Analysis: tax plan falls flat but Renua could upset new government

Lucinda Creighton’s party, playing the watchdog role, is first with election manifesto

Renua leader Lucinda Creighton, centre, with its hopeful candidates at the manifesto launch on Monday. Photograph: Dara Mac Donaill / The Irish Times

Renua leader Lucinda Creighton, centre, with its hopeful candidates at the manifesto launch on Monday. Photograph: Dara Mac Donaill / The Irish Times

 

Setting yourself up as a watchdog in government can be a dangerous business, but Lucinda Creighton needed a new message to force her Renua Ireland party into the general election debate.

Since its launch this time last year, under its initial name of Reboot Ireland, the party has struggled to gain ground, as mid-term disillusion with the Government gave way to increasing support for Fine Gael, in particular.

Creighton’s party perhaps came a year too late and has been trying to play catch up ever since.

Flat tax

In an effort to gain some sort of initiative in the lead up to the general election, Renua was first out with its manifesto, which included the flat tax and other distinctly right of centre policies, yesterday.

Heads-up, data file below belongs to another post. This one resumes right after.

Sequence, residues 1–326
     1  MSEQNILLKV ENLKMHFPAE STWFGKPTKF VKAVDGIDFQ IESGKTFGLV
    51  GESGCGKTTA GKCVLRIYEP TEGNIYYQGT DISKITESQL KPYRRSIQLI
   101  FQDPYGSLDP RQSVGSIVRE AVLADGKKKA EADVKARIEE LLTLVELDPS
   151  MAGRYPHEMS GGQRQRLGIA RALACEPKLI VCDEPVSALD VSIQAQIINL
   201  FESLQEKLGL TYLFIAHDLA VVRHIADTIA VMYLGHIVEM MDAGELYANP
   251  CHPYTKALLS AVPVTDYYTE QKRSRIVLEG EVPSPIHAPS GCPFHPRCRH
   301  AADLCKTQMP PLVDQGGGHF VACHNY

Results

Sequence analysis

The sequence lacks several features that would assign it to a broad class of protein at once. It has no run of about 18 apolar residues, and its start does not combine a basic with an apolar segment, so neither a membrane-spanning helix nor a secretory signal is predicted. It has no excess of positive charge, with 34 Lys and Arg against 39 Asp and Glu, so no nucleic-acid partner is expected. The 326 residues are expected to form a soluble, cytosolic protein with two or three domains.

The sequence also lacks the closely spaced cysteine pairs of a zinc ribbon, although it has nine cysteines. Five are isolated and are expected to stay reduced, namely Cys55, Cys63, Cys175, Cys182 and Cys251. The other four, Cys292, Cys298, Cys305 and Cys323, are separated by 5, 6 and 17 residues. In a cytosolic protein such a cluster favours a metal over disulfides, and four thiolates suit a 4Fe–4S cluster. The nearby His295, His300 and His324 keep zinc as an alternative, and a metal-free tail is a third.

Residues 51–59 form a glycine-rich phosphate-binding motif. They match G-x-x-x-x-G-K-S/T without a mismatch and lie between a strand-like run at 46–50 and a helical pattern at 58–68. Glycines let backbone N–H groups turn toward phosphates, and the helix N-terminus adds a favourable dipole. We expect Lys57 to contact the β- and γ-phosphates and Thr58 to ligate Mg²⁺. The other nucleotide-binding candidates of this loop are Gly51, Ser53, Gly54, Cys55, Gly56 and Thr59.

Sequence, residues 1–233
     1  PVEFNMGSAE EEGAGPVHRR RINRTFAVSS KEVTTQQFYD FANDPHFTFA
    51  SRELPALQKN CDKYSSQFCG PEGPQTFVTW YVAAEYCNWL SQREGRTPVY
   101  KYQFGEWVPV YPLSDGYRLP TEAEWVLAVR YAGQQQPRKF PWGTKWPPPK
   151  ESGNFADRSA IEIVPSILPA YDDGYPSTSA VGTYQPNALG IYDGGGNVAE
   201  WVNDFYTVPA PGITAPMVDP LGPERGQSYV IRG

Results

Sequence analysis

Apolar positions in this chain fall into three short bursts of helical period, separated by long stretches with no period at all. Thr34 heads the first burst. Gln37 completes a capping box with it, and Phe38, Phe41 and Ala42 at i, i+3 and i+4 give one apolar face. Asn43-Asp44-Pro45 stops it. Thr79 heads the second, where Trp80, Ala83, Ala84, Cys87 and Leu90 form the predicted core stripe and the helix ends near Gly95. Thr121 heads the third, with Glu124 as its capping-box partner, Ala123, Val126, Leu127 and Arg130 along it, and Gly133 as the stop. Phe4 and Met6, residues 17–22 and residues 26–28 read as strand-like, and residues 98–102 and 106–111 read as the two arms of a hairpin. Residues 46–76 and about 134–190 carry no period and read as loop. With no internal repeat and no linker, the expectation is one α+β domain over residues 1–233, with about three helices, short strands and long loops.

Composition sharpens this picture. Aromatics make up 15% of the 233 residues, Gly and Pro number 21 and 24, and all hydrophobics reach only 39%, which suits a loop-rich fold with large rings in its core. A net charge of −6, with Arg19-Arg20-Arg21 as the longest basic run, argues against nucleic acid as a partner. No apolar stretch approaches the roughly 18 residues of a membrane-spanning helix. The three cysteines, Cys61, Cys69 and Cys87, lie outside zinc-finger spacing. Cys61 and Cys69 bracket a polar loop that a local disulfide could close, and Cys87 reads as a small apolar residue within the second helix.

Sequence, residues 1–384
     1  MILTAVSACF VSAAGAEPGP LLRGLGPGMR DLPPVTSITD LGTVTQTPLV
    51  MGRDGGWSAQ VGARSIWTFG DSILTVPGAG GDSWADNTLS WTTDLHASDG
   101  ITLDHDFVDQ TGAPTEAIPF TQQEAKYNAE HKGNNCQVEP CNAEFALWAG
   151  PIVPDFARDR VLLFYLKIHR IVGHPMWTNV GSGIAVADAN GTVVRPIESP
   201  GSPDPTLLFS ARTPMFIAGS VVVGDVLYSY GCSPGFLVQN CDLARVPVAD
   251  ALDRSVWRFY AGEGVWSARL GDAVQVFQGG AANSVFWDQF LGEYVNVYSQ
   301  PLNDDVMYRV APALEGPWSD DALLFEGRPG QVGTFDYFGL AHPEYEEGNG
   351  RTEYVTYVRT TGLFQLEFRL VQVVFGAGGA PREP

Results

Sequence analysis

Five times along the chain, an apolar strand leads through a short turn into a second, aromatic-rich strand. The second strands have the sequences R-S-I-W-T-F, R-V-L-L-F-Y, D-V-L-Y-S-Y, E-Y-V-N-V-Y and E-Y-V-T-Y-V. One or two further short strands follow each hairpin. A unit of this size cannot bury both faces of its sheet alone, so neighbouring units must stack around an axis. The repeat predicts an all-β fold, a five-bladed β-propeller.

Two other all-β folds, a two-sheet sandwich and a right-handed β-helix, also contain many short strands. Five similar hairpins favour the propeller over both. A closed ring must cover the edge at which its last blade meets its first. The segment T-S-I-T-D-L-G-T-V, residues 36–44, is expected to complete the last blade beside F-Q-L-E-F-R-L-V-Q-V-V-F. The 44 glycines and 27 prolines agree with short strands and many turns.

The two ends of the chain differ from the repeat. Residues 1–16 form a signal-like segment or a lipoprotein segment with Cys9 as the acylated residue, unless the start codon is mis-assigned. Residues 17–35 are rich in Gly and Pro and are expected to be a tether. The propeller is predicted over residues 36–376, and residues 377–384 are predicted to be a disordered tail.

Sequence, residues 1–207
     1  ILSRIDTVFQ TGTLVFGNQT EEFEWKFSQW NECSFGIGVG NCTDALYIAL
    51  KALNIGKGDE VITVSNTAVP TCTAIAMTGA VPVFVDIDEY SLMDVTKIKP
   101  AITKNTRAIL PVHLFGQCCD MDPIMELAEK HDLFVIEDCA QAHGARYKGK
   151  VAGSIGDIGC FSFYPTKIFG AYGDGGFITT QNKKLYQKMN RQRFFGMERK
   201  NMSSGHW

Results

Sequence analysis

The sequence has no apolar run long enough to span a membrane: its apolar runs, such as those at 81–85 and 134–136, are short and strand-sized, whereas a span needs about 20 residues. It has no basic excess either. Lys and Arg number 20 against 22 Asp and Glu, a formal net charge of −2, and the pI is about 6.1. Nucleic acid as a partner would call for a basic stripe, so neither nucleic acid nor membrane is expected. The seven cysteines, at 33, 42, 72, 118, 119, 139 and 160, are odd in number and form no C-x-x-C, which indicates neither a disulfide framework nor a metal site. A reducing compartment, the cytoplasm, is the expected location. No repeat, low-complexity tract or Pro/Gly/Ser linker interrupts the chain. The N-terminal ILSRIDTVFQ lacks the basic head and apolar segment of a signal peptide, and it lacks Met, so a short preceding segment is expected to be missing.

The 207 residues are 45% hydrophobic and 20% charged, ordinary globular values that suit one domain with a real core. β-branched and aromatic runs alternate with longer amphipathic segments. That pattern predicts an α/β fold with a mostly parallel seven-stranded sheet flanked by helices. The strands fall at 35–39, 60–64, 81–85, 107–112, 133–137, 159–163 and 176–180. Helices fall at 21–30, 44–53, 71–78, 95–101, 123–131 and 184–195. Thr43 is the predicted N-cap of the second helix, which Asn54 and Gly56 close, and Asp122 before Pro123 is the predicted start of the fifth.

However, what was most noticeable was Creighton’s pitch for government, made in a situation where only two parties – Fine Gael and Labour - are seriously offering themselves for office.

The Dublin South East TD said Renua will be a “watchdog” for small businesses and entrepreneurs, who she claimed have been “thrown under a bus” by this Coalition.

With Labour asking to be the watchdog on Fine Gael’s left and now Renua offering to whisper into Enda Kenny’s right ear, it is not clear if the senior government party would plump for Creighton over Michael Lowry and other Independents who would do a deal and stick to it, should the Fine Gael-Labour Coalition fall short. “I’d say Enda will look at all other options first,” said one Minister. “Renua would be hard to deal with and then they might have a fit of conscience over something or other.”

Creighton, who will be doing extremely well to return with five seats in the Dáil, should also heed the lesson of other parties who set themselves up as watchdogs, such as Labour and the Progressive Democrats. They are inevitably blamed by the electorate for the ills of whatever coalition they joined.

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